Vaishnava (वैष्णव, vaiṣṇava) or vaishnavism (vaiṣṇavism) represents a tradition of Hinduism worshipping Vishnu as the supreme Lord. Similar to the Shaktism and Shaivism traditions, Vaishnavism also developed as an individual movement, famous for its exposition of the dashavatara (‘ten avatars of Vishnu’).
Natyashastra (theatrics and dramaturgy)Source: Wisdom Library: Nāṭya-śāstra
1a) Gandharva (गन्धर्व) refers to a group of deities to be worshipped during raṅgapūjā, according to the Nāṭyaśāstra 3.1-8. Accordingly, the master of the dramatic art who has been initiated for the purpose shall consecrate the playhouse after he has made obeisance (e.g., to gandharvas).
1b) Gandharva (गन्धर्व) refers to a “musician” who can be assigned the role of an assesor (prāśnika) of dramatic plays (nāṭaka) according to the Nāṭyaśāstra chapter 24. These assessors (e.g., the gandharvas) are to point out the faults of a dramatic performance (nāṭaka) as well as the merits of actors (nartaka) whenever a controversy (saṃgharṣa) arises among persons ignorant of the nāṭyaśāstra.
2) Gāndharva (गान्धर्व) refers to “musical performance” composed of notes, time-measure and verbal themes, according to the Nāṭyaśāstra chapter 28. It is a combination of vocal music and the music of instruments:—“that which is made by the stringed instruments (ātodya) and depends as well on various other instruments, and consists of savra (notes), tāla (time-measure) and pada (verbal theme) should be known as the gāndharva. As it is very much desired by gods and as it gives much pleasure to Gandharvas, it is called the gāndharva (i.e. a thing belonging to Gandharvas.)”
Gāndharva (musical performance) is of three kinds:
- that of the notes (svara),
- that of the time-measure (tāla),
- that of the verbal theme (pada).
Gāndharva (गान्धर्व, “music”).—In ancient times music is indicated by the word gāndharva. By later authors, however, it is called gīta or saṃgīta. In Vedic texts the term gāndharva does not occur. We find the following musical terms: vādita for instrumental music, gīta for vocal music and gātha to indicate originally religious, later on also secular musical recitations (“sprechgesang”) or songs in a simple recitative style in contradistinction to the more complicated sāman-melodies.
According to Dattilam, “in the very beginning music (gāndharva) was given by the Self-existing One (Svayambhū) to Nārada and the other gandharvas. Then, it was duly taken down to the earth by Nārada. A collection of notes (svara), which is based on words (pada), which is well-measured by time-measurement (tāla) and which is executed with attentiveness, is called music (gāndharva).”
According to Nāṭyaśāstra 28.9: “as it is very much desired by gods and as it gives much pleasure to Gandharvas, it is called the gāndharva (i.e. a thing belonging to Gandharvas)”.
According to the Saṃgītaratnākara 4.2: “that, which from eternity exists as a traditional and which is always performed by celestial musicians as something which brings happiness, is what the experts call gāndharva”.Source: Google Books: Saṅgītaśiromaṇi: A Medieval Handbook of Indian Music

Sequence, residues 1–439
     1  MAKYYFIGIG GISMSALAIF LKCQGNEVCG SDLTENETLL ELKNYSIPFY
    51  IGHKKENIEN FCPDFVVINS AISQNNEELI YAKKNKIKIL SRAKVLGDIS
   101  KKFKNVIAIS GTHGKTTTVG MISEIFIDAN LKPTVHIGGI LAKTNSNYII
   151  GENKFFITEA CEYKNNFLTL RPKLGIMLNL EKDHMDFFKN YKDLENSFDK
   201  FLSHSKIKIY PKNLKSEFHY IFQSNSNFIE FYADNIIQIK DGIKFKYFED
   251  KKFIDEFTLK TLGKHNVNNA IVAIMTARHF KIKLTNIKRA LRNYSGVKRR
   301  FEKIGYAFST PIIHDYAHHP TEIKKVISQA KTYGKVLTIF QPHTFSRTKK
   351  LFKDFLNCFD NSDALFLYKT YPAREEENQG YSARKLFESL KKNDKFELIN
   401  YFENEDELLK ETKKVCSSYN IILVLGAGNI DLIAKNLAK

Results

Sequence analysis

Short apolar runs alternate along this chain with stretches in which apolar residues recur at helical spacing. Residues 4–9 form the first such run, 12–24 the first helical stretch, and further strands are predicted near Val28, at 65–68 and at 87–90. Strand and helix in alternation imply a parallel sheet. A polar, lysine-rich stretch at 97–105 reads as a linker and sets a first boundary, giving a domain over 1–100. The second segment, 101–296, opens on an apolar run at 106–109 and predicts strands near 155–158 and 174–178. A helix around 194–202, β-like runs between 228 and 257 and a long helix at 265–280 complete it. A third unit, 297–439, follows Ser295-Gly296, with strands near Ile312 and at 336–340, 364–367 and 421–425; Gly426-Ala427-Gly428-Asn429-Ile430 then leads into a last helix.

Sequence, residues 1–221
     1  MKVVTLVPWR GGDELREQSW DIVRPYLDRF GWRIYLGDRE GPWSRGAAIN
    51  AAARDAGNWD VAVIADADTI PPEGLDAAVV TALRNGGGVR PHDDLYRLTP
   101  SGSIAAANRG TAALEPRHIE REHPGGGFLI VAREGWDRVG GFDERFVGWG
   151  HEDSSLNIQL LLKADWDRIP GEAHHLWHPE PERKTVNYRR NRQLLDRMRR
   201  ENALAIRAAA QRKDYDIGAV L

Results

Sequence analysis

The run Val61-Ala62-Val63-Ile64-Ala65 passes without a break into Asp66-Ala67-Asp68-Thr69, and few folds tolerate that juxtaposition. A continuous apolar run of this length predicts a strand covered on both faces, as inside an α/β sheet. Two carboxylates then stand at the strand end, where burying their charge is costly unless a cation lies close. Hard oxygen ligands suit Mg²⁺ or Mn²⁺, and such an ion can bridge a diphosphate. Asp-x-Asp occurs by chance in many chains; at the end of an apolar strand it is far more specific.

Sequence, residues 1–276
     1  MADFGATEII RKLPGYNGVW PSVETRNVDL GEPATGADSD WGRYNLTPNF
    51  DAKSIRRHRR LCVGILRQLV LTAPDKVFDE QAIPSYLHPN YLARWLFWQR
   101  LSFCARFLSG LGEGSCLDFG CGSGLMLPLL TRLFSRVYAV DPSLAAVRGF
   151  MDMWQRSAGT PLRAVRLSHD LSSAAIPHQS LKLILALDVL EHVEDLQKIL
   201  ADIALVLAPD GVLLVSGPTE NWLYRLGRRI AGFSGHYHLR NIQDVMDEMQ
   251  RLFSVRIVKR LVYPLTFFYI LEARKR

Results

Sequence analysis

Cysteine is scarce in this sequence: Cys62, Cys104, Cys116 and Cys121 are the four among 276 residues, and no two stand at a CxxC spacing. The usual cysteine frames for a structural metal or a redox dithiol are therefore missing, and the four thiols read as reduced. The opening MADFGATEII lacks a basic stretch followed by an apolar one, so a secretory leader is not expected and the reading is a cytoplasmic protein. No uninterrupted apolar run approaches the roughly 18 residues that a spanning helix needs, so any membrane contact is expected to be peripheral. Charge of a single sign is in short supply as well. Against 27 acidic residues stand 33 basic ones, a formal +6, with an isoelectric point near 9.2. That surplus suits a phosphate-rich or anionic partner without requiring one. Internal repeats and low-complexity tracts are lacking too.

Gāndharva (गान्धर्व, “classical music”).—That which master musicians (gandharva) have been performing in an unbroken tradition down to thhis day—prakaraṇa songs and other compositions vased on fundamental melodic forms (grāmarāga), modes (jāti), etc.—is classical music (gāndharva). (cf. Saṅgītaśiromaṇi 13.1)Source: archive.org: Natya Shastra
Gandharva (गन्धर्व).—Description of a women of gandharva type;—A woman who enjoys roaming in many gardens, is adorned with good nails and teeth, speaks with a smile, is slim-bodied, has a slow gait, loves sexual pleasure, is always pleased to hear music (gīta and vādya) and to witness dance, is careful about cleanliness of the body and has soft skin, glossy hairs and charming eyes, is known to possess the nature of a gandharva.
Natyashastra (नाट्यशास्त्र, nāṭyaśāstra) refers to both the ancient Indian tradition (śāstra) of performing arts, (nāṭya, e.g., theatrics, drama, dance, music), as well as the name of a Sanskrit work dealing with these subjects. It also teaches the rules for composing dramatic plays (nataka) and poetic works (kavya).
Dhanurveda (science of warfare)Source: Wisdom Library: Dhanurveda
Gāndharva (गान्धर्व) refers to a weapon (Arjuna received this weapon from tribe Tumbari (Gandharvas)). It is a Sanskrit word defined in the Dhanurveda-saṃhitā, which contains a list of no less than 117 weapons. The Dhanurveda-saṃhitā is said to have been composed by the sage Vasiṣṭha, who in turn transmitted it trough a tradition of sages, which can eventually be traced to Śiva and Brahmā.
Dhanurveda (धनुर्वेद) refers to the “knowledge of warfare” and, as an upaveda, is associated with the Ṛgveda. It contains instructions on warfare, archery and ancient Indian martial arts, dating back to the 2nd-3rd millennium BCE.
Shaktism (Shakta philosophy)Source: Wisdom Library: Śāktism
Gandharva (गन्धर्व) refers to one of the 53 gods to be worshipped in the southern quarter and given pāyasa (rice boiled in milk) according to the Vāstuyāga rite in Śaktism (cf. Śāradātilaka-tantra III-V). The worship of these 53 gods happens after assigning them to one of the 64 compartment while constructing a Balimaṇḍapa. Vāstu is the name of a prodigious demon, who was killed by 53 gods (e.g., Gandharva).
Shakta (शाक्त, śākta) or Shaktism (śāktism) represents a tradition of Hinduism where the Goddess (Devi) is revered and worshipped. Shakta literature includes a range of scriptures, including various Agamas and Tantras, although its roots may be traced back to the Vedas.
Kavya (poetry)Source: Shodhganga: The Kavyamimamsa of Rajasekhara